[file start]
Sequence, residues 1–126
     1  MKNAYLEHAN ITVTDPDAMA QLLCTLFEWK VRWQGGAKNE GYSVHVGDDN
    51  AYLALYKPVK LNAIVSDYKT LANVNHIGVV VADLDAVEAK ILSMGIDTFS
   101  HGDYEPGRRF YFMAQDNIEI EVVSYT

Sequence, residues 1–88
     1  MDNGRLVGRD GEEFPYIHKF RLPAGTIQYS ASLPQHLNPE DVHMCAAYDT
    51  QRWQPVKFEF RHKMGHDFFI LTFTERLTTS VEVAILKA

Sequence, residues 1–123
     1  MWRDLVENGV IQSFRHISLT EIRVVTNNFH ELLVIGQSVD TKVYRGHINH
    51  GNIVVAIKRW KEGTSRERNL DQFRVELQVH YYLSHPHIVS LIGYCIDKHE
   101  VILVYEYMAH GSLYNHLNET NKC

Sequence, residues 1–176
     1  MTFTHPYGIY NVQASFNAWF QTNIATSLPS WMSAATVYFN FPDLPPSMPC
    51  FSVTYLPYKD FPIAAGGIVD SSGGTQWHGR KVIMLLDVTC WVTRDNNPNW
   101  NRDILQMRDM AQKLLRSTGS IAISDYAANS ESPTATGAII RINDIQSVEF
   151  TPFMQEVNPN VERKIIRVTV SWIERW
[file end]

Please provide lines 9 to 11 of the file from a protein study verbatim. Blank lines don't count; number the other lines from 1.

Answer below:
     1  MWRDLVENGV IQSFRHISLT EIRVVTNNFH ELLVIGQSVD TKVYRGHINH
    51  GNIVVAIKRW KEGTSRERNL DQFRVELQVH YYLSHPHIVS LIGYCIDKHE
   101  VILVYEYMAH GSLYNHLNET NKC